While the presidential race has garnered most of the attention in the Nov. 3 general election, there are several other important campaigns below it on the Fulton County ballot.

In the presidential election, Republican incumbent Donald Trump, Democrat Joe Biden and Libertarian Jo Jorgensen will face off.

In the first U.S. Senate race, Republican incumbent David Perdue, Democrat Jon Ossoff and Libertarian Shane Hazel will battle.

In the second U.S. Senate election, a whopping 20 candidates are running: Democrats Deborah Jackson, Jamesia James, Tamara Johnson-Shealey, Matt Lieberman, Joy Felicia Slade, Ed Tarver, Raphael Warnock and Richard Dien Winfield; Green Party member John Fortuin; independents Al Bartell, Allen Buckley, Michael Todd Greene and Valencia Stovall; Libertarian Brian Slowinski and Republicans Doug Collins, Derrick Grayson, Kelly Loeffler (incumbent), Annette Davis Jackson, Wayne Johnson and Kandiss Taylor.

There are four contested U.S. House races. In District 5, Democrat Nikema Williams will face Republican Angela Stanton-King in the battle to replace the late John Lewis, and in District 6, incumbent Democrat Lucy McBath will face Republican Karen Handel. In District 11, Democrat Dana Barrett and incumbent Republican Barry Loudermilk will meet, and in District 13, Republican Becky Hites faces incumbent Democrat David Scott.

In the two Public Service Commission races, Democrat Robert Bryant, Libertarian Elizabeth Melton and Republican incumbent Jason Shaw will square off for the District 1 seat, and Democrat Daniel Blackman, Republican incumbent Lauren “Bubba” McDonald and Libertarian Nathan Wilson will battle for the District 4 post.

There are seven contested Georgia Senate campaigns. In District 6, incumbent Democrat Jen Jordan will face Republican Harrison Lance, and in District 32, incumbent Republican Kay Kirkpatrick will battle Democrat Christine Triebsch. In the District 39 special election, Democrats Zan Fort, Sonya Halpern, Jo Anna Potts and Linda Pritchett will square off.

In District 40, Republican Garry Guan and incumbent Democrat Sally Harrell will battle. In District 48, Democrat Michelle Au and Republican Matt Reeves are meeting to replace Zahra Karinshak, who is running for the District 7 U.S. House seat, and in District 56, incumbent Republican John Albers and Democrat Sarah Beeson will face off.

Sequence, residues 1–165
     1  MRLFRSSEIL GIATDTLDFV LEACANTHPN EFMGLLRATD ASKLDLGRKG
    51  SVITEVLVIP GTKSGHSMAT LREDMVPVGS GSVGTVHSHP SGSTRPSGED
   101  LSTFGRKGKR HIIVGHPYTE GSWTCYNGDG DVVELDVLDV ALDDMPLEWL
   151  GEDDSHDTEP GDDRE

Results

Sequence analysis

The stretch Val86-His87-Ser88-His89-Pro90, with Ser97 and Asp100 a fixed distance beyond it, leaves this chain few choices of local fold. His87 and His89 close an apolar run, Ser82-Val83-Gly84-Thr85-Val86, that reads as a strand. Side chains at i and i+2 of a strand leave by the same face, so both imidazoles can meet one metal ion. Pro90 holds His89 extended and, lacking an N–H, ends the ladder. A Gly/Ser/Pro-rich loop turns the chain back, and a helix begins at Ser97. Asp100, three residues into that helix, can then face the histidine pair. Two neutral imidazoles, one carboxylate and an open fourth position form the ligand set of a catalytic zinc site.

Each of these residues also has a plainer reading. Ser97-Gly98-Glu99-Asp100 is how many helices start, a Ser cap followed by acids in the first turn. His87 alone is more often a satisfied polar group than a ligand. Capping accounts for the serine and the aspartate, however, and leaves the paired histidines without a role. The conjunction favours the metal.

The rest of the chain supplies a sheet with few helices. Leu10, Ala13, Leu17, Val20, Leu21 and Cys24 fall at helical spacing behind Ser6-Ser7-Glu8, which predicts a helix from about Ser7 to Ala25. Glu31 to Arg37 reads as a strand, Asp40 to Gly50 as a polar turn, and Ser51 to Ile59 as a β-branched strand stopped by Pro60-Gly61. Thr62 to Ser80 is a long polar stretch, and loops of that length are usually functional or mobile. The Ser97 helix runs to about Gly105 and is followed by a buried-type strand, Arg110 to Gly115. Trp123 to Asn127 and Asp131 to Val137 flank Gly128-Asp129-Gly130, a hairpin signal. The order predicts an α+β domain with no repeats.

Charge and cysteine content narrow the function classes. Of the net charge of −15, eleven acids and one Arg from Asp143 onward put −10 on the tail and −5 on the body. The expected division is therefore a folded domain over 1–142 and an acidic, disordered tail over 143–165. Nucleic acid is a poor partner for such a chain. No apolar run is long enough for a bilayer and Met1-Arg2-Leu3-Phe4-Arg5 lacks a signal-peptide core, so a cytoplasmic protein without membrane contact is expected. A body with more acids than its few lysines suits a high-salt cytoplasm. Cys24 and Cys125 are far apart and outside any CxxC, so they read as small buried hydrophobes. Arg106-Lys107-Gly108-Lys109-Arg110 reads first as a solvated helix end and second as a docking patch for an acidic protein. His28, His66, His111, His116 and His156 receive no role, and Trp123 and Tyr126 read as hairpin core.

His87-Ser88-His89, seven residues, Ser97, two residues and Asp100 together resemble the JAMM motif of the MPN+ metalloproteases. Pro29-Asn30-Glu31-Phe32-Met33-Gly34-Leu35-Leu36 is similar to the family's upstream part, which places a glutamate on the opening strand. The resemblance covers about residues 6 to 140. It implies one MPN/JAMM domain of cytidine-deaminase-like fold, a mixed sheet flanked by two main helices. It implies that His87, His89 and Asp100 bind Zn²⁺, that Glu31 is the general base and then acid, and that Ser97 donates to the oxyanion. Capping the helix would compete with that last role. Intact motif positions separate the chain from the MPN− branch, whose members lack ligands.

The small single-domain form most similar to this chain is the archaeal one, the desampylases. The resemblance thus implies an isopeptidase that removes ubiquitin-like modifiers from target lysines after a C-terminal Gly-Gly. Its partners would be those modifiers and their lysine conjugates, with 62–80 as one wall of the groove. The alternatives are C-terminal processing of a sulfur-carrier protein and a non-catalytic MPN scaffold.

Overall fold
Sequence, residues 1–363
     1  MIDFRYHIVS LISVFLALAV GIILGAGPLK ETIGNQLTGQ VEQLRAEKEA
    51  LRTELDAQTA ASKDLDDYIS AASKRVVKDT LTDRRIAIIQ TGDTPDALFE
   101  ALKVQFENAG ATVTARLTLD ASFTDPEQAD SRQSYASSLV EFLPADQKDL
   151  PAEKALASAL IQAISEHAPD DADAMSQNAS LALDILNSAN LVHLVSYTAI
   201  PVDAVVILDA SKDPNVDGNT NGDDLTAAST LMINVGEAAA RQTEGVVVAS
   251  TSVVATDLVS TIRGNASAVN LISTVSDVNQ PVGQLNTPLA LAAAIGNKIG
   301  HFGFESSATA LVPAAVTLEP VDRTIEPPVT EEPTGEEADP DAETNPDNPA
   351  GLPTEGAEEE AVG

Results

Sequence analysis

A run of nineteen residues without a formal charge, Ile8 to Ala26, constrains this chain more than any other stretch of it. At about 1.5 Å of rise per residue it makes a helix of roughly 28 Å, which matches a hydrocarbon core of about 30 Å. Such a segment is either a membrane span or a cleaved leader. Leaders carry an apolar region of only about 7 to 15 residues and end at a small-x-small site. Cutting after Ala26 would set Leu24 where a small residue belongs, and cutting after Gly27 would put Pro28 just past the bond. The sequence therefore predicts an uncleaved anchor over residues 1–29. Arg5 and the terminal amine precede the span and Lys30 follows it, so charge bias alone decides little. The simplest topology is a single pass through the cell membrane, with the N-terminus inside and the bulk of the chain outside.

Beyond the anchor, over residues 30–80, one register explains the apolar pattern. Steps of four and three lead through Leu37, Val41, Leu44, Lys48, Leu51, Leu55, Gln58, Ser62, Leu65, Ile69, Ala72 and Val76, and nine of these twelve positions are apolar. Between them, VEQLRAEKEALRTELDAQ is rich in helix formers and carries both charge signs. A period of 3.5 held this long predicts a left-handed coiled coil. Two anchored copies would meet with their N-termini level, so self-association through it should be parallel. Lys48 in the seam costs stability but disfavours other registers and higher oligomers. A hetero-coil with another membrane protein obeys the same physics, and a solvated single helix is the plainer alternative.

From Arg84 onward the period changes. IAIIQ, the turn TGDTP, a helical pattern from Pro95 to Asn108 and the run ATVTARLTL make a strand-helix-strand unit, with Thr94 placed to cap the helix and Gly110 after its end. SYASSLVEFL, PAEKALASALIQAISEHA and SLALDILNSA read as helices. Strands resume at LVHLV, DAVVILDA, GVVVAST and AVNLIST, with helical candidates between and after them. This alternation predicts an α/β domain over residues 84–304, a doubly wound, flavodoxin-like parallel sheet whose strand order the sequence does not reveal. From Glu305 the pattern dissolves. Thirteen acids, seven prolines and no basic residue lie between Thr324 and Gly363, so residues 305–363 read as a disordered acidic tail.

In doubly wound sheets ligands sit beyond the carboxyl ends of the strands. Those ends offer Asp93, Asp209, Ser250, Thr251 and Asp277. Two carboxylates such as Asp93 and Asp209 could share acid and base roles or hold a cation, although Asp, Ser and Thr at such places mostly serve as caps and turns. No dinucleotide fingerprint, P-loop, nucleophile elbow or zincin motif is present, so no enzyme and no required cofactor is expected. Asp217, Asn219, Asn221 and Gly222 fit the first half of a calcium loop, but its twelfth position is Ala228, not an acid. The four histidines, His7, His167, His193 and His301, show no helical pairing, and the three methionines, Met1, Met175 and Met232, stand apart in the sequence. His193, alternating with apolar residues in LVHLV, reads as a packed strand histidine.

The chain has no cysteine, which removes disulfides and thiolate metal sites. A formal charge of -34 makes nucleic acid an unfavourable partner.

There are 14 contested Georgia House of Representatives campaigns. In District 22, incumbent Republican Wes Cantrell and Democrat Charles Ravenscraft will battle, and in District 25, incumbent Republican Todd Jones and Democrat Christa Olenczak will meet.

In District 40, incumbent Democrat Erick Allen and Republican Taryn Bowman will face off, and in District 45, incumbent Republican Matt Dollar and Democrat Sara Tindall Ghazal will battle. In District 47, incumbent Republican Jan Jones and Democrat Anthia Owens Carter will square off, and in District 48, Republican Betty Price and incumbent Democrat Mary Robichaux will battle.

In District 49, incumbent Republican Chuck Martin and Democrat Jason Hayes will meet, and in District 50, incumbent Democrat Angelika Kausche and Republican Jay Lin will face off. In District 51, Republican Alex Kaufman and incumbent Democrat Josh McLaurin will battle, and in District 52, Democrat Shea Roberts and incumbent Republican Deborah Silcox will meet.

In District 54, incumbent Democrat Betsy Holland and Republican Lyndsey Rudder will square off, and in District 63, Republican David Callahan and incumbent Democrat Debra Bazemore will battle. In District 80, Republican Alan Cole and incumbent Democrat Matthew Wilson will face off, and in District 95, Republican Erica McCurdy and incumbent Democrat Beth Moore will meet.